Creston town council voted Jan. 12 to change its meeting times to accommodate Coun. Kevin Boehmer, who topped the polls in the 2014 municipal election.
Boehmer told council that he had accepted a teaching position (he is an accountant) in Cranbrook at the College of the Rockies, which limits his ability to carry on with some of his duties as a Creston councillor.
“This isn’t something I went looking for,” he said. “The job basically came to me.”
Boehmer now teaches from Tuesday through Friday, but has no intention of relocating.
“We won’t be moving,” he said. “My wife and kids love it here and I will be commuting.”
Boehmer’s new employer accommodated his work as a town councillor, working out a schedule that sees his duties end at 2:30 p.m. on Tuesdays, which allows him to get back to Creston for the regular 4 p.m. public council meeting.
At the suggestion of Coun. Karen Unruh, council voted to move the meeting back to 4:30 p.m. And scheduled closed meetings will now be held after the public meeting, not before.
Coun. Jim Elford will replace Boehmer as Mayor Ron Toyota’s alternate as a Regional District of Central Kootenay director.
“Can’t we just fire him?” Coun. Joe Snopek asked, laughing, during the discussion to reassign some of Boehmer’s other duties.
•Newly elected for Kootenay-Columbia MP Wayne Stetski appeared before council to introduce himself as the area’s federal representative, promising to push for Kootenay communities that make federal grant applications.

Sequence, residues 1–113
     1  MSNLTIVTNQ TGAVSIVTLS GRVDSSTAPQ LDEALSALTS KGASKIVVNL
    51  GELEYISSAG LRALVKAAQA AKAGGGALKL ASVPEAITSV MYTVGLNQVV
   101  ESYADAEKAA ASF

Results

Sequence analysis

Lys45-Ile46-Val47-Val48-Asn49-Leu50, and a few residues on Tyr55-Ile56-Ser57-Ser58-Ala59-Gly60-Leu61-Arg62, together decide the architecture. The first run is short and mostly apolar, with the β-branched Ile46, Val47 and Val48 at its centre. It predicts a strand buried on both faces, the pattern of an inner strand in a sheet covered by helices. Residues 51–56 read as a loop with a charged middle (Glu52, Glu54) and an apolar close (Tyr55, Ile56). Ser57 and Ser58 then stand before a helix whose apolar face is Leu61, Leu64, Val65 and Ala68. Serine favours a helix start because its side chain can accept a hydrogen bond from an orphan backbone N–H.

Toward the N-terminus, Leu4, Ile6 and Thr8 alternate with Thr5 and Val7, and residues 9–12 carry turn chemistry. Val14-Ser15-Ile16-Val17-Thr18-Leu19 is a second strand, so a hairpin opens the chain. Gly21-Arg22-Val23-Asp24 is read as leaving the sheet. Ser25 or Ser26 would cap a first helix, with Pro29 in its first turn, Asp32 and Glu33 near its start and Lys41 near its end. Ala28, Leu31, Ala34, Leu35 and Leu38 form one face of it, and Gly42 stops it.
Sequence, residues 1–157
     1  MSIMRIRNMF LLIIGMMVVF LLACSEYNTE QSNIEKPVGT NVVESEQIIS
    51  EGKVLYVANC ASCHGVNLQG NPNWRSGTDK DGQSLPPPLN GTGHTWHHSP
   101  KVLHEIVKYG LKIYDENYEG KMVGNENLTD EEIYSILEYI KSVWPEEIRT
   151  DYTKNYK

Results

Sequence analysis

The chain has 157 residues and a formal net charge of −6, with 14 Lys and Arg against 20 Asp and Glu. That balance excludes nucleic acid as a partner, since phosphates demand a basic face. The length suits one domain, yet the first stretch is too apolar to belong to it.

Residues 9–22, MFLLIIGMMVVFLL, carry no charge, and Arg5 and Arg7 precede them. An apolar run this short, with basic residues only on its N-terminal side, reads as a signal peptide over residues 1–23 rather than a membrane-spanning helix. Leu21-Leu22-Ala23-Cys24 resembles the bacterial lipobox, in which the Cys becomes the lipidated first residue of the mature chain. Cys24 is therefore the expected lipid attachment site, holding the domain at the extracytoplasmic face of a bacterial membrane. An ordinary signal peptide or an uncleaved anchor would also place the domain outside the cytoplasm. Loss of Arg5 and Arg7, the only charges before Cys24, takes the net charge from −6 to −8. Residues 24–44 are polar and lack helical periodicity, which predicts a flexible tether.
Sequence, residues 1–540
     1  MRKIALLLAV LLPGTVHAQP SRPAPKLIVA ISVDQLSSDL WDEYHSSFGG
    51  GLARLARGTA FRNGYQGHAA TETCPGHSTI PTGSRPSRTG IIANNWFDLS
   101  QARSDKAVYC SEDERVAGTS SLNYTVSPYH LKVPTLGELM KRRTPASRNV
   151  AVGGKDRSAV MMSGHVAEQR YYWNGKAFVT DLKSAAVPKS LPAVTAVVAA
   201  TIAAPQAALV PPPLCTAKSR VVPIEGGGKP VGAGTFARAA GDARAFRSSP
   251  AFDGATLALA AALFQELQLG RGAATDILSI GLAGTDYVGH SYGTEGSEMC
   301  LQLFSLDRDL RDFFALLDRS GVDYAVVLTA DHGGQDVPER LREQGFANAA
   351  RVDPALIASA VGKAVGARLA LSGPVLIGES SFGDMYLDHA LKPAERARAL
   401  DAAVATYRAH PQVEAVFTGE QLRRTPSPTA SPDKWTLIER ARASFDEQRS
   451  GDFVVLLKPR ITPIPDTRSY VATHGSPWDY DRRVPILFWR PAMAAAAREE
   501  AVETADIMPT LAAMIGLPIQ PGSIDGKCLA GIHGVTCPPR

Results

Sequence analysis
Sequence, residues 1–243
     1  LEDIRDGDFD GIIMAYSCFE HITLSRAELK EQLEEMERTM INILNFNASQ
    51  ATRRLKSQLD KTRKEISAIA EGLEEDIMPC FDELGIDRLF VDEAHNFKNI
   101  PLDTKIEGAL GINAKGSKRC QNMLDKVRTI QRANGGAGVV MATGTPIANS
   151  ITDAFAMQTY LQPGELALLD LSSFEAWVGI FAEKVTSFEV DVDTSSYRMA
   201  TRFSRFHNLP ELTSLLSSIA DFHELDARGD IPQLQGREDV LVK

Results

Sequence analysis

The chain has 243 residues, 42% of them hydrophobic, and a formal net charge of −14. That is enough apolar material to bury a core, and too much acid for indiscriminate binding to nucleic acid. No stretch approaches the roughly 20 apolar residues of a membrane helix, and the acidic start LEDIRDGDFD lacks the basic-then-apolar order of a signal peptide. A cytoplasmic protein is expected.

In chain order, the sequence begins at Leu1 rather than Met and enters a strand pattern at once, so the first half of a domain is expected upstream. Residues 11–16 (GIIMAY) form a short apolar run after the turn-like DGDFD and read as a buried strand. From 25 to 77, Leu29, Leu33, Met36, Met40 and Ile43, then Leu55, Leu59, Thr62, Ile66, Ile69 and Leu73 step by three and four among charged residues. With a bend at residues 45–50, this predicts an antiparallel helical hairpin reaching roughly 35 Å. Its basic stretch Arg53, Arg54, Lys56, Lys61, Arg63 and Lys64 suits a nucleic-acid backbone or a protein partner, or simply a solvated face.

•The 2015-2017 Corporate Strategic Plan was adopted. The plan can be found on the town’s website, creston.ca.
•Council received minutes from the cemetery select committee and approved a request that will allow the committee chair, and not town council, to call meetings.
•Approval was given to keep Creston in the RDCK woodstove exchange program in 2016. Under the program, residents can apply for a $100 grant when they exchange an older woodstove with a new, more efficient one. While Creston’s commitment is for a maximum of 20 stoves, as in previous years, only one application has been received in the last two years, municipal services director Ross Beddoes said.
•Council will write a letter of support for the Kootenay Hotel revitalization project that is now underway on Canyon Street at 12th Avenue.
•Authorization to apply for a Provincial Infrastructure Planning Grant was approved. The funds would go toward a southeast drainage basin study.
•A request from the Creston Rotary Club to upgrade public washrooms at Millennium Park was referred to staff for a report.
•Two new members of the public, Brian Tully and Linda Harke, were appointed to the board of variance, which will continue to be chaired by Dave Handy.
•Council voted to pay the annual dues for the Association of Kootenay and Boundary Local Governments despite Boehmer’s questions about whether it should opt out of the organization. Snopek, council’s representative to the AKBLG, said that it was beneficial to member municipalities.
•A $5,000 community development grant was approved for the Fields Forward Opportunity Fund.
•Deadline for negotiations with the RDCK to create a septage receiving facility was extended for one year.
•A records management bylaw was given three readings. The bylaw outlines requirements about the length of time that records are kept.
•A staff recommendation to replace deteriorating sewer and water lines between Eighth and Ninth avenues south, north of Birch Street, was approved. The project requires that $12,000 be reallocated from the inflow and infiltration fund to the sewer line replacement fund, and $30,000 be reallocated from the water mains fund to the water pipe replacement fund. The approval does not require additional funds.